Overview of the Event
Overview of the Event
The Protein Modeling Event is a Science Olympiad event developed by the MSOE Center for BioMolecular Modeling. To compete successfully, participants will explore the CBM Participant Resources and be able to:
- Understand basic features of protein structure
- Explore and manipulate protein structures using the online protein visualization webpages
- Create physical models using a foam covered wire called a Mini-Toober
There are three parts to the event
Part 1: Pre-Build Model
40% of Final Score
Every team must submit a pre-build model of a specific protein structure. The pre-build model is worth 40% of a team's final score for the event.
- The pre-build model will be created using a purchased "pre-build" Mini-Toober kit from www.3dmoleculardesigns.com, or with found materials of the participant's choosing such as KwikTwist tie-down ropes.
- The same pre-build model will be used at each level of the competition (invitational, regional and state). Participants will take their pre-build model home after each event.
- The pre-build model must be impounded prior to the beginning of the event (usually the morning of the event).
- The pre-build model should be submitted with a 4"x6" card with a written description of the model's colors and creative additions, addressing what, how, and why. Note that the format of this description has changed from prior years. Check the official rules for details.
Part 2: Jmol Exploration
30% of Final Score
The purpose of the Jmol exploration component of this year’s event is to allow students to demonstrate their skill in using Jmol to manipulate and explore a pdb file, for the purpose of learning something about the protein.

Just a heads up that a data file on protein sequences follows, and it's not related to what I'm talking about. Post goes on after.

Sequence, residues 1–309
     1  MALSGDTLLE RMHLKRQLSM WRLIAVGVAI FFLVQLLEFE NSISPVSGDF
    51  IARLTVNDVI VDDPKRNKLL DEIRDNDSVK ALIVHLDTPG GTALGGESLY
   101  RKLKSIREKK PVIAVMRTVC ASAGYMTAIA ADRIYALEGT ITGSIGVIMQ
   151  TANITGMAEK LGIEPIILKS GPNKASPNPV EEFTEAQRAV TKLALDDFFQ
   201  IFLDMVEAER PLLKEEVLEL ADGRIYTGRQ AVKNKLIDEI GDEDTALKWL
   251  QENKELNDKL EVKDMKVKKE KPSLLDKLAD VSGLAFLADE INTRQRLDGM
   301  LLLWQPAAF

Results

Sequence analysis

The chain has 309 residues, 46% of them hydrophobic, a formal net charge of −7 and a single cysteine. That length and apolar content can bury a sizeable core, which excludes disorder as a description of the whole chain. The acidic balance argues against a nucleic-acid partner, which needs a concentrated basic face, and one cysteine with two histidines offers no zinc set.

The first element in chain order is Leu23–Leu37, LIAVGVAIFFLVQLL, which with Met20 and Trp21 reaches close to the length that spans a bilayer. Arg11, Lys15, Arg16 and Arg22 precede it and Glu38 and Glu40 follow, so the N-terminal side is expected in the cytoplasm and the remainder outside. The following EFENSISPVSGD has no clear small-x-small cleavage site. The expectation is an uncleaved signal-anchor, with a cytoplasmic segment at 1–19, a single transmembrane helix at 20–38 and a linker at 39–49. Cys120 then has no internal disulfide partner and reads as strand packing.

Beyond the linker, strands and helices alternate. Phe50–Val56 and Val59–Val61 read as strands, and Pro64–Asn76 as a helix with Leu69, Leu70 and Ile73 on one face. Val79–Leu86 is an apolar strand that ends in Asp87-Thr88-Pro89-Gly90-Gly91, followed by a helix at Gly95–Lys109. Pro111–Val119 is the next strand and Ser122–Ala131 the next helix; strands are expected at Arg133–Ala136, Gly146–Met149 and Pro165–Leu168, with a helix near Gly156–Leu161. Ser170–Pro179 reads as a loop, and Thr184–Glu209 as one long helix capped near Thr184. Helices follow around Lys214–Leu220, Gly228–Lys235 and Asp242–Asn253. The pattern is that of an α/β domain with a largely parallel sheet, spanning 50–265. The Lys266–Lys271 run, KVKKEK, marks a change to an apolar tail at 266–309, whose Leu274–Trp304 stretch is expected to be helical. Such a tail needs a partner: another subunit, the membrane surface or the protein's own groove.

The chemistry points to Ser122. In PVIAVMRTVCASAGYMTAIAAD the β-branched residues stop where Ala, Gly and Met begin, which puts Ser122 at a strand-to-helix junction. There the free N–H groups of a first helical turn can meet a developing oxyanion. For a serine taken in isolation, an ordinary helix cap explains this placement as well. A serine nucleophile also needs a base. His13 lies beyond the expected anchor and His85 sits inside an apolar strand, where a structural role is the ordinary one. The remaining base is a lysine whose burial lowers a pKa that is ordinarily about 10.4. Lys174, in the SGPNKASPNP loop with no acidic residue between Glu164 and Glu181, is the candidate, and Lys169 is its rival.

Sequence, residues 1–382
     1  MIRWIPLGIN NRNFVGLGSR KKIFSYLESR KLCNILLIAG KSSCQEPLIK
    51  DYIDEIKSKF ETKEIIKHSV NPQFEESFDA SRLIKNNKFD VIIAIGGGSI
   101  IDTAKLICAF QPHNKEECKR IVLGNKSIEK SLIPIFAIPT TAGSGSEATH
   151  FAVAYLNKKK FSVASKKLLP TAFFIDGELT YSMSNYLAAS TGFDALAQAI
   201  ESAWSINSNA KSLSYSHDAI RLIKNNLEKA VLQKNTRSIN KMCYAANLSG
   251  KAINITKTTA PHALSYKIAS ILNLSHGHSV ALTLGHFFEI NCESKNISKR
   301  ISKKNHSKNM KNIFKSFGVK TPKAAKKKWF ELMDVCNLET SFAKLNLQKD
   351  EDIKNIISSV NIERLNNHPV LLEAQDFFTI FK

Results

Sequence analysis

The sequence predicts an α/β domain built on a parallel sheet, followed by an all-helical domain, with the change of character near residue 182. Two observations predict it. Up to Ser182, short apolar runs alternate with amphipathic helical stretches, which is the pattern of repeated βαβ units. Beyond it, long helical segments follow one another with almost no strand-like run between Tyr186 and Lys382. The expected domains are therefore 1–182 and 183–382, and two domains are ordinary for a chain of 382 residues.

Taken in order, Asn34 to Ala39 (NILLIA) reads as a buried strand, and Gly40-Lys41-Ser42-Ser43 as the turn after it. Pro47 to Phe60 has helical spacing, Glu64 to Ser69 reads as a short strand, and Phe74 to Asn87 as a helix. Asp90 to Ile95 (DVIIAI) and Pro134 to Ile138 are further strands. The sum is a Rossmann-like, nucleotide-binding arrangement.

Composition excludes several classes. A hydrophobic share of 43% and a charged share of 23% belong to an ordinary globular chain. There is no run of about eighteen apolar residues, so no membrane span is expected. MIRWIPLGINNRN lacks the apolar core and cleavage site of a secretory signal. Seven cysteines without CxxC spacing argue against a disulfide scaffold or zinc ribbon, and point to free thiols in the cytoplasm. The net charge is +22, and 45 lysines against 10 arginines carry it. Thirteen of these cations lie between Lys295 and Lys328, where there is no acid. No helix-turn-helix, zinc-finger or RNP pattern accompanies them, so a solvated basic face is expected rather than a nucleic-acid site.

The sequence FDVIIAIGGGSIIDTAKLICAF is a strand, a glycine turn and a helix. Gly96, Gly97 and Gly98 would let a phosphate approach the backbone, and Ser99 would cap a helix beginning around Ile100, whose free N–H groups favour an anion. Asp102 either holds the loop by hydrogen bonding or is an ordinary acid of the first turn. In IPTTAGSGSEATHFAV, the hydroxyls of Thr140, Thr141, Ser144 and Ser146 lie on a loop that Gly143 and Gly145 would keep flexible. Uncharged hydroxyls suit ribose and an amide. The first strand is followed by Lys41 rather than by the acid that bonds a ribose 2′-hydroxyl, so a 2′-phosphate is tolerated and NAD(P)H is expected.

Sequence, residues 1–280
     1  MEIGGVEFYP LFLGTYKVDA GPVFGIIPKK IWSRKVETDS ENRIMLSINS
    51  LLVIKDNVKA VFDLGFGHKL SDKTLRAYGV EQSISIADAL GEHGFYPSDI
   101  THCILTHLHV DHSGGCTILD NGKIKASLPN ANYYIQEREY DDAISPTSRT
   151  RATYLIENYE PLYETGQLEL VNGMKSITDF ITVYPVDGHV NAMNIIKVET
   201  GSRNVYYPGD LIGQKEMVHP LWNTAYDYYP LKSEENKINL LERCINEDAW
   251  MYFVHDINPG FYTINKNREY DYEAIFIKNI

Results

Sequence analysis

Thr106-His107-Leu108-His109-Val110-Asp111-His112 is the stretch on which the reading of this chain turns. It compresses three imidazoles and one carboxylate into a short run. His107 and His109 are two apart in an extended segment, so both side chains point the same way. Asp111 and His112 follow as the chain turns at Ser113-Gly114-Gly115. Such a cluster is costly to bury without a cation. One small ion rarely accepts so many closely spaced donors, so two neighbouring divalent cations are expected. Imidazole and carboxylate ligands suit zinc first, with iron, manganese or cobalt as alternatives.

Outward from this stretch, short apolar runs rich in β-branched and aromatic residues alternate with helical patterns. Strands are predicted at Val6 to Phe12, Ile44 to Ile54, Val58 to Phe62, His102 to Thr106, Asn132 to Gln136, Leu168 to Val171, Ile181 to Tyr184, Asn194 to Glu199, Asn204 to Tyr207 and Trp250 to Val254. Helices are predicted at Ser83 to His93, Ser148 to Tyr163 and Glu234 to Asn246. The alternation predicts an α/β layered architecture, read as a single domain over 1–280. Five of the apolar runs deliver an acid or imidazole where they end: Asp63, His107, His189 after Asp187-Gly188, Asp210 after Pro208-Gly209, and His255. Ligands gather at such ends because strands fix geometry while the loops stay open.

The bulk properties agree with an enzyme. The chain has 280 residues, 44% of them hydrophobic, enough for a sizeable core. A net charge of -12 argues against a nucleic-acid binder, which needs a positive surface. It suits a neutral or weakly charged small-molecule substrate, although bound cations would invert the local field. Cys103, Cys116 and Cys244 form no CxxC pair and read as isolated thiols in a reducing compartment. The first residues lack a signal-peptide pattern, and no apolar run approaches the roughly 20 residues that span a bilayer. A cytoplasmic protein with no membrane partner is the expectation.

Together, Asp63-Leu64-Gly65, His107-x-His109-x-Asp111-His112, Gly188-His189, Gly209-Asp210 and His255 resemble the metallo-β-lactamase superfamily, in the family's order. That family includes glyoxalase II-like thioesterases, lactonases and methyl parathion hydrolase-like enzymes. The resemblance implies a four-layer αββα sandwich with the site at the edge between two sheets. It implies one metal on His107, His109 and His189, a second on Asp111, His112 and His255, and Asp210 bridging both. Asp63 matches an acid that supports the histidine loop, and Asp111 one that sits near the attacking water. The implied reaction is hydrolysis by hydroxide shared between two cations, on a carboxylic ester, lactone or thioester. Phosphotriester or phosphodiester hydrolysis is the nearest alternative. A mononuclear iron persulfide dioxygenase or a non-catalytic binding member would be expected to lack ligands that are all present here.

This portion of the competition is worth 30% of a team's final score for the event.
Students will be asked to provide written answers to two kinds of questions in this Part 2 component:
- Some questions will ask about the structure of the protein being explored. Examples of these types of questions might be:
- How many alpha helices are there in the structure?
- What is amino acid #23,…and what other amino acid sidechain does it interact with?
- Some questions will be asked about the pdb file for this protein. Links will be provided to appropriate pages displaying information for this pdb file entry on the Protein Data Bank web site. Examples of questions might include:
- At what university do the researchers who determined this structure work?
- What are the x,y,z coordinates of the alpha carbon of Arg56?
Part 3: Written Exam
30% of Final Score
Each team will complete an on-site exam during the competition. Exams may cover the protein topic being discussed, three-dimensional structure of related proteins, the PDB.org Molecule of the Month, or basic concepts of protein structure and biochemistry. The on-site written exam is worth 30% of a team's final score for the event.
- Carefully reviewing the "Participant Resources" on this website is the best way to prepare for the on-site exam.
- Participants will only have the competition time period to complete their on-site exam.
Levels of the Competition
The Protein Modeling Event is available at all levels of the Science Olympiad competition:
The same pre-build model will be used at each level of the competition, from invitational and regional to state and national. It will be created using a purchased "pre-build" Mini-Toober kit from 3D Molecular Designs, available at www.3dmoleculardesigns.com, or with found materials of the participants' choosing. At the end of each competition, participants will be allowed to pick up their pre-build model to use in future competition levels. It is expected that participants will continually improve upon and fine-tune their pre-build model as they work up through the levels of the competition.
A new protein wil be explored with Jmol at each level of the competition, from invitational and regional to state and national.
Onsite Visualization Environment